Hispanics under-represented in American society, more cries for diversity are prevalent

Two demonstrators hold up a sign in support
of immigration reform. Photo by Larisa Karr.
Immigration is an issue endemic to American society, media and history. It is also a topic that continues to draw discourse today, particularly when it comes to the issue of Hispanics coming into the U.S.
According to the Pew Center for Research, the national Hispanic population is set to double from 14 to 29 percent, with the bulk of the population growth being comprised largely of immigrants.
In North Carolina, for instance, the Hispanic population has increased dramatically from 2000-2011, rising a total of 120 percent.
This increase, according to Deborah Miles, director of the Center for Diversity Education at UNC Asheville, is also reflected in the student body composition.
“The state of North Carolina is at 7 percent, so we’re pretty close to our state average,” Miles said. “In fact, we have a larger Latino population than we have an African-American population, about twice as much.”
Hispanic students outnumbering African-American students in universities is a national trend. According to the Pew Center, Hispanic enrollment of 1.2 million students in 2011 versus African-American enrollment of 1.1 million students makes Hispanics the largest minority group at four-year colleges and universities.
There are programs to help first-generation Hispanic students succeed in university, like the Development, Relief, and Education for Alien Minors Act and the Advancement via Individual Determination program.
There are also skeptics, said Jose Zapata, a sophomore political science student. He immigrated to the United States with his family from Medellin, Colombia, in 2001.
“If you look at all the Hispanic students on campus, they are all either citizens and/or were born here with Hispanic heritage,” Zapata said. “But I’ve never encountered someone who has been here through the DREAM Act.”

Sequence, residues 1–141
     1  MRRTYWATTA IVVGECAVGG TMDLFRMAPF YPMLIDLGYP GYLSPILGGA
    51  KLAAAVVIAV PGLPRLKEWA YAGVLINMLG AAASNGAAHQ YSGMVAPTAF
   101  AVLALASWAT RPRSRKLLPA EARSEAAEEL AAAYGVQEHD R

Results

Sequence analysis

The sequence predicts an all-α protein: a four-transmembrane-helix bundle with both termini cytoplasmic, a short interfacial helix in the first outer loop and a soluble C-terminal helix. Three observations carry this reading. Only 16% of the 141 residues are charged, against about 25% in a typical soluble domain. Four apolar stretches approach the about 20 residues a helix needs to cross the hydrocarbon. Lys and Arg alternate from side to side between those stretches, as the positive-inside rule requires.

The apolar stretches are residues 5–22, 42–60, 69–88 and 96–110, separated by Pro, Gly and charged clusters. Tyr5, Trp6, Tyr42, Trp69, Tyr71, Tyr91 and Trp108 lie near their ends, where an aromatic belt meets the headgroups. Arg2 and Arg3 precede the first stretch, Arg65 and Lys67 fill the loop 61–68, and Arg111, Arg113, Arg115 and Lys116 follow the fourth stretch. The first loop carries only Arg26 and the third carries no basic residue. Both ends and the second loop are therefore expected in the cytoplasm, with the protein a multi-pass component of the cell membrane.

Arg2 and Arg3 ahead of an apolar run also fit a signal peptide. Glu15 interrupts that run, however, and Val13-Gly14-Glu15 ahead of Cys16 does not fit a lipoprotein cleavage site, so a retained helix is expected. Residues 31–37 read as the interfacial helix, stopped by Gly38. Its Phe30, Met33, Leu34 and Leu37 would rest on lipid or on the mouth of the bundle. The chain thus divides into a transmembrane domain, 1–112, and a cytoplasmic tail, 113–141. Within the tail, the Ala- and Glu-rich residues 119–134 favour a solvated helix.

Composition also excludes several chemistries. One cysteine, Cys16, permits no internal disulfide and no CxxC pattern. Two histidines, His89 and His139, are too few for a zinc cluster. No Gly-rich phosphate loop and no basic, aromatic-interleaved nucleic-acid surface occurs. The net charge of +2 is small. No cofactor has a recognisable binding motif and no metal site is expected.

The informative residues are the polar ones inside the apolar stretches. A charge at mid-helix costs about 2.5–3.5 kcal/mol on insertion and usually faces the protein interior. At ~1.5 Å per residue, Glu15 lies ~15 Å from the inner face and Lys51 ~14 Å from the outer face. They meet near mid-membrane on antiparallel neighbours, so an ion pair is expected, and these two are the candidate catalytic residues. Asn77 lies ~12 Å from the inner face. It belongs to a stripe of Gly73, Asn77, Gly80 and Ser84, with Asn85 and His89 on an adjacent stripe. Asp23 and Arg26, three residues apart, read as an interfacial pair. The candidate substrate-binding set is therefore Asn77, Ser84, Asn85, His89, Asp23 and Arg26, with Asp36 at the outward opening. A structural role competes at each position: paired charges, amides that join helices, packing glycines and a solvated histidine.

Other students, like Carolina Arias, a junior environmental studies student and a Costa Rica native, are angry about the frequent use of the word “illegal” to describe any immigrant, college student or not, who crosses the border.
“They are not illegal,” Arias said. “They are human and are born and raised in a shitty system where they are told that they should not exist.”
According to the Migration Policy Institute, the group of Americans most likely to frown upon the influx of immigration is aged 65 or older.
“In 2006, there was a day where they encouraged all Hispanic people to not do anything,” Zapata said. “They did it, and they looked at the stats and realized that the economy could crash and the market would collapse if there were none at all.”
Although the youngest demographic of 18-29 ranked lowest on the ranking of prejudice against immigration, this does not mean ill will has age boundaries.
For Zapata, this is something he has worked to shield his parents from experiencing prejudice any chance he gets.
“I didn’t want to go to my cap and gown ceremony with my parents because I know how these students are and I can’t even imagine how their parents are,” Zapata said. “I remember telling my mom, ‘I don’t really want to go today.’”
Arias cites the U.S.’ continuous manipulation of Latin American politics as the reason for the immigration wave.
“I can understand the underlying root causes of why these children are fleeing,” Arias said, “and then to hear portions of the American government take the stance that these people should not be here and that we don’t need to take care of them is irresponsible.”
An influx of Hispanic students on campus would allow more people to have the chance to interact and discover commonalities out of perceived differences.
This happened with Dustin Hicks, a sophomore art student from Wilkesboro, North Carolina, who has a stepmother from Latin America.
“You see certain representations, like a lot of things my stepmom would say and do are heavily influenced by her culture,” Hicks said, ”and that was just something I hadn’t really seen as much elsewhere until I was talking to Caro.”
Zapata said the lack of Hispanic students on campus remains low to the point where he becomes excited when he sees another student from the same cultural background.
“It’s definitely to the point now where my reaction to another Hispanic person is, ‘Oh my god, who’s that?’” Zapata said. “‘Another one?’”

This article was originally published in The Blue Banner